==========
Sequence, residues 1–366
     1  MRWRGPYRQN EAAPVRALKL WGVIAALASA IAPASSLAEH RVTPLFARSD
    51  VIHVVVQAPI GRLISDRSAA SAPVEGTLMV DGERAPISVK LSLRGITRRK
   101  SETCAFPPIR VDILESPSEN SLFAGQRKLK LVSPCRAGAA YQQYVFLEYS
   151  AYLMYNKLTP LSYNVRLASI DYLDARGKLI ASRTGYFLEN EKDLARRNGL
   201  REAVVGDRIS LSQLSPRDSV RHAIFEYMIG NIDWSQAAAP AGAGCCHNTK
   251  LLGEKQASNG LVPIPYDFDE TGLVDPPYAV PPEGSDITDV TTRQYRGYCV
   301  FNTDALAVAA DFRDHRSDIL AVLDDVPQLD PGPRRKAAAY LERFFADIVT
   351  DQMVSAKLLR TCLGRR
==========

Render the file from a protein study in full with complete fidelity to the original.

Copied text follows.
Sequence, residues 1–366
     1  MRWRGPYRQN EAAPVRALKL WGVIAALASA IAPASSLAEH RVTPLFARSD
    51  VIHVVVQAPI GRLISDRSAA SAPVEGTLMV DGERAPISVK LSLRGITRRK
   101  SETCAFPPIR VDILESPSEN SLFAGQRKLK LVSPCRAGAA YQQYVFLEYS
   151  AYLMYNKLTP LSYNVRLASI DYLDARGKLI ASRTGYFLEN EKDLARRNGL
   201  REAVVGDRIS LSQLSPRDSV RHAIFEYMIG NIDWSQAAAP AGAGCCHNTK
   251  LLGEKQASNG LVPIPYDFDE TGLVDPPYAV PPEGSDITDV TTRQYRGYCV
   301  FNTDALAVAA DFRDHRSDIL AVLDDVPQLD PGPRRKAAAY LERFFADIVT
   351  DQMVSAKLLR TCLGRR